Memory Lane – Bambi
There’s some players that just put a smile on my face, when playing and when recalling, and our old striker is one of them. Craig ‘ Bambi ‘ Beattie was a sight to behold, didnt look like a footballer at all, played with a smile seemingly delighted to be given a chance, and if he happened to score that smile multiplied by a hundred with a hefty chunk of amazement thrown in there for good measure. A cult hero might be stretching it, a great striker no, a national icon never, but what a raw talent, that stayed a raw talent forever !
We snapped him up at a mere 19 years of age when the little general deemed him not good enough. Standing at 6 foot tall he had a bit more height than most natives, good head start for a striker, and a gangly frame allied with some skills. Not many clubs would say no to that punt right on your doorstep, its no surprise at all that we bit.
And when he scored all six goals in a pre season friendly against Derry City Im sure there was some thinking we have stole a march on everyone here.
Not every day a free, quality, domestic striker knocks the door and says ‘ Looking anyone’ ?
So Mr Raw Talent finds himself at the nations top club, who have just been in a European final, and under the tutelage of one hell of a manager in Martin.
It could have went very different at another time, but hindsight tells us that 03-04 wasn’t the best time to sign as a striker considering we had Henke and Big Chris plus BBJ.
The gaffer has peaked, and would soon have other major concerns rather than football to contend with and maybe that Martin just then just wasn’t what Craig needed through no fault of his own.
But yet wrong place wrong time isn’t necessarily true as he scored some important goals, and no doubt gave his all for the team, is looked back with in fondness hence the article, and has spoken of those times and the hard training that accompanied them as very character building for himself.
“You could be on that training ground – and we only trained for half an hour, three 10 minute games – and be the best player on the park for 29 minutes.
But you could give the ball away once and get absolutely berated. Literally, strips torn off you.
For me that was all part of the character building, you had to stand up to that.
I’ve got Thommo shouting at me because I’ve given the ball away and I’ve got big Bobo (Balde) kicking lumps out of me.”
There was undoubtedly talent.
He was the first Scot since Gerry Creaney to score in three consecutive games for Celtic, grabbing seven in the first three months of season 05-06.
13 goals in 50 appearances does not suggest much, but he did tend to be stuck out on the wing a lot to use that burst of pace he was blessed with, and Martin stuck with his generals full stop so any fringe player wasn’t getting much time at all back then.
Considering he was free, and from what I recall low maintenance, thats a pretty good return for your money in my humble estimation.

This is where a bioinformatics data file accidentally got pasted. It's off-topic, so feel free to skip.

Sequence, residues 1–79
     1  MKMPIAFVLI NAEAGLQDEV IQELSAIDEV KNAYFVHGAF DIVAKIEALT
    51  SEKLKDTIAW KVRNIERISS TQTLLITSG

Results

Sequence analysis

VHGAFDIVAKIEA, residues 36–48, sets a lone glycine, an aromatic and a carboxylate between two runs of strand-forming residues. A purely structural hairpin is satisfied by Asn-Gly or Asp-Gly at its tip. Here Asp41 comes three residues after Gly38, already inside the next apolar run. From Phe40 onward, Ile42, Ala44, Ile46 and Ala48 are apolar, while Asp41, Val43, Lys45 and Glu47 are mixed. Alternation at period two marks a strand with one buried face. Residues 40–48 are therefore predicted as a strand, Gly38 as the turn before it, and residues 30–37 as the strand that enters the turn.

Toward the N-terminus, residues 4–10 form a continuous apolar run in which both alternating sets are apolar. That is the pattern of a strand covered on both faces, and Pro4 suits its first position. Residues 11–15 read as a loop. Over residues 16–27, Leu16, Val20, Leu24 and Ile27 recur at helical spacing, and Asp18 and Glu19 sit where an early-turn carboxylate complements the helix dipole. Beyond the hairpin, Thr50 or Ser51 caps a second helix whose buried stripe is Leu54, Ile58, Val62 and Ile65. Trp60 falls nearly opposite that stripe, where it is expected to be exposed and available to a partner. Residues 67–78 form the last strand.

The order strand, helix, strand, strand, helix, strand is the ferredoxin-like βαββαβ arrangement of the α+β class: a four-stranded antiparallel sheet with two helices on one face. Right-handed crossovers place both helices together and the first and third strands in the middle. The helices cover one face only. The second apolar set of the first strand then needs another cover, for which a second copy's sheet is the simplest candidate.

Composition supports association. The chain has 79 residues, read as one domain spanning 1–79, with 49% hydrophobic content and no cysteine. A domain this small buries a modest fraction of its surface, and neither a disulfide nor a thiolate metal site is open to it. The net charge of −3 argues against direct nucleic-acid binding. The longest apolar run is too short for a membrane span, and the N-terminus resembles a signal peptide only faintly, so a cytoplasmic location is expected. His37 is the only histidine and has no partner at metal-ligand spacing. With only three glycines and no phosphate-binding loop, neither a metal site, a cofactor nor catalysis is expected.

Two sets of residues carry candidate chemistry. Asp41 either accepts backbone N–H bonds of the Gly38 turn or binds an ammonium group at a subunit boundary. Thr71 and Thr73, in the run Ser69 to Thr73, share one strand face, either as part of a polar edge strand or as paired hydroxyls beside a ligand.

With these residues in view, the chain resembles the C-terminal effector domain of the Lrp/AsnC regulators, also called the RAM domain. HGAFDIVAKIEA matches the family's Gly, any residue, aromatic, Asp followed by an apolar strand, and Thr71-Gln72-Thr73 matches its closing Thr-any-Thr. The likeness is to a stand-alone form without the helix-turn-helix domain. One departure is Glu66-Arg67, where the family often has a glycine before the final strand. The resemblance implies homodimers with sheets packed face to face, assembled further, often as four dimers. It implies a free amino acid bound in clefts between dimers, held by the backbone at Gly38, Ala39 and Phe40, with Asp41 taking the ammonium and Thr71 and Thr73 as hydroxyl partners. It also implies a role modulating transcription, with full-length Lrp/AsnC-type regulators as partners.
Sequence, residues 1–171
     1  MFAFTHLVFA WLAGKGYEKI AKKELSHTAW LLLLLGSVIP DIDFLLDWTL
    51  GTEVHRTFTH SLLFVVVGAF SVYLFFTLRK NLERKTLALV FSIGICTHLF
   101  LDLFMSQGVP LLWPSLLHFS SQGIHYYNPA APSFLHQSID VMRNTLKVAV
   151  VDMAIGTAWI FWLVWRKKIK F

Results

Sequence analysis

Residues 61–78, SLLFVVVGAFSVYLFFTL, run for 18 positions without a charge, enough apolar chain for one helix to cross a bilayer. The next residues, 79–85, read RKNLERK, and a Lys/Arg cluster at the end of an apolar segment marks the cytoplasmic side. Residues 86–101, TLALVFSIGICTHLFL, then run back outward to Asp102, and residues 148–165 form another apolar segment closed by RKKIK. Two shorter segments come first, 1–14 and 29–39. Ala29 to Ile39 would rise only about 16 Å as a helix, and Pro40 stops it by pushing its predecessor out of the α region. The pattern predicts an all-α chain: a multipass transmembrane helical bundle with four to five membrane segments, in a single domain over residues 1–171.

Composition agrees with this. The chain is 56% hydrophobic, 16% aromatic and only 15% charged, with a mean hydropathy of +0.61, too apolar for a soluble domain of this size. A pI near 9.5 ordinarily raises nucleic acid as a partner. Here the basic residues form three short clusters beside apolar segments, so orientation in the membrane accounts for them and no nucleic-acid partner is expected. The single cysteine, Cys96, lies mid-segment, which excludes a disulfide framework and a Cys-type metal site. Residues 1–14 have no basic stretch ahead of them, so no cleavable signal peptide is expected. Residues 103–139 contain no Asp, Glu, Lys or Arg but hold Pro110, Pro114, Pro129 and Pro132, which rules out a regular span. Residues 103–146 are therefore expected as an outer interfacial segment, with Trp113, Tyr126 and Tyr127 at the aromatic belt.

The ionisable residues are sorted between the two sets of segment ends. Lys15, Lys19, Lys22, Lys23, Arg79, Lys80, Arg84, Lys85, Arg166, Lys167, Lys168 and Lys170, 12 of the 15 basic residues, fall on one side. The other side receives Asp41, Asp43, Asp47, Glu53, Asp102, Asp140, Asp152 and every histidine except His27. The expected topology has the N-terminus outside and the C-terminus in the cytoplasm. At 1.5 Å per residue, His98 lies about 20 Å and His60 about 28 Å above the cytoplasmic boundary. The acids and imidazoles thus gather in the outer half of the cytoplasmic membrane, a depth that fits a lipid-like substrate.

But ultimately no one wants a player they just cant rely on, and WGS went down the road of the throwback little and large striking combination up front playing off each other.
To form a successful pairing you must be there consistently, and that just wasn’t our bhoy.
Big Jan and Skippy being successful also pushing chances back even further. Young Maloney was emerging as a genuine exciting talent then also.
After a few years of playing when fit, and finding himself benched heading into his prime years, he gave his all when called upon but had a decision to make regarding his future.
He was always gonna leave and in fairness it was for the best.
Did he go on to blossom upon departure?
Not at all. He went on to be a journeyman with a total of 16, yes 16 clubs of various levels, many of them short term loans with very few appearances. The classic he might keep us up punt that gets injured. My reading of his stats suggest that 18 appearances at a decent level (Dundee) was his season high though he must truly love the sport to have such a long and varied career (he only just packed it in) when clearly the body wasn’t made for the athlete’s life.
But don’t get me wrong, the man himself can walk with his head held high.
He departed the Hoops with 5 trophies, 3 leagues and 2 cup winners medals, and although appearances were limited elsewhere as mentioned, when he did play could be very much appreciated. For instance this article is even titled after him and he is credited with turning the game upon his introduction. A super sub who grabbed all the headlines and plaudits.
And as for that smile, and playing the game with fun how about this section of a match report to show what I mean…
“ It was not enough that the referee, Euan Norris, did his best Mike Dean impression when awarding Hearts penalty against Celtic at the end of a brilliantly entertaining semi-final. No, Craig Beattie had to go one better. After scoring the winner from the spot the Hearts striker whipped off his shirt, did not even bother to hold on to it and then ran off behind the goal for an impromptu lap of honour, which was as preposterous as it was hilarious.
As he wheeled away, his knees high and his arms going up and down as if he was on an invisible cross trainer, there seemed a strong possibility Beattie would not stop and would end up dashing down the tunnel ! “ Some might remember this, but then he was a local lad leading his team to a final.
So I for one would like to officially go on the record to show my gratitude to you Craig for making me smile a lot, for all you gave and done in the Hoops, and showing us the game can actually be fun. All the best and thanks for the memories.
The above is by Mahe. As usual the email address is firstname.lastname@example.org and we are delighted to publish guest articles.